It’s come to worse

Do you use the phrase if worse comes to worst? What about if worst comes to worst?

If you use one and see someone else use the other, do you think it’s a mistake?

Both of those versions of the phrase are accepted in standard usage, though they mean slightly different things. In a 2011 New York Times column, linguist Ben Zimmer traces “if worst comes to worst” to 1596. When the idiom originated, he notes, it meant “the worst thing in theory turning into the worst thing in actuality.”

Now, we tend to use the phrase to mean “if the worst thing happens,” a shift that’s more logically in line with “if worse comes to worst.” And today that version of the phrase is the most popular one in published work.

A screenshot of a message from Stylebot on Slack that reads: "The idiom "if worse comes to worst" originated as "if worst comes to worst," and both can be used. But "worse comes to worst" is more common in modern usage: "If worse comes to worst, we can drive instead of fly."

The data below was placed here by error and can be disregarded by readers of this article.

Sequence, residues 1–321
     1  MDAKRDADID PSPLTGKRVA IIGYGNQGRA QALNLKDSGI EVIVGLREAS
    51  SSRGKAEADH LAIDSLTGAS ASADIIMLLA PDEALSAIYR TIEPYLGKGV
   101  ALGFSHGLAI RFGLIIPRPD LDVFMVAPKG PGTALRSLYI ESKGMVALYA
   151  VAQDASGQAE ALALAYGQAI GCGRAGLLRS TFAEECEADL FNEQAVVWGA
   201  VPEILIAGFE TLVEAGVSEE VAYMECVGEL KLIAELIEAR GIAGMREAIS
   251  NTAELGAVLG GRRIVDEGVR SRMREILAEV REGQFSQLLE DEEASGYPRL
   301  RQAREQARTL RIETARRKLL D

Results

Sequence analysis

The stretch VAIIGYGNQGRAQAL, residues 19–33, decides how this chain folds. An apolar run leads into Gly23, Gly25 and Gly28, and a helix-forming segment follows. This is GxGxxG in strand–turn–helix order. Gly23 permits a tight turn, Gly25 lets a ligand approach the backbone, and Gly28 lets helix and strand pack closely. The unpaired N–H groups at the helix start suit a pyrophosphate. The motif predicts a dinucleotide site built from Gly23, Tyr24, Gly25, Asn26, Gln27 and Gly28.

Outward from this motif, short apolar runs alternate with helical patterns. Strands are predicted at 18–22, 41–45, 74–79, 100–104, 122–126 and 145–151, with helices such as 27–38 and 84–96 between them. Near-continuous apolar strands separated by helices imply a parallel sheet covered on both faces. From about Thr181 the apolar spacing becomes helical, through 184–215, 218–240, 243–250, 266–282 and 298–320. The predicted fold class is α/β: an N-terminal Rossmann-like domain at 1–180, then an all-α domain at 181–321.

OK, but if worse comes to worst, can you use “if worse comes to worse”? Opinions vary on this one, and it is the least common in published work, so we recommend sticking with the two most popular forms.

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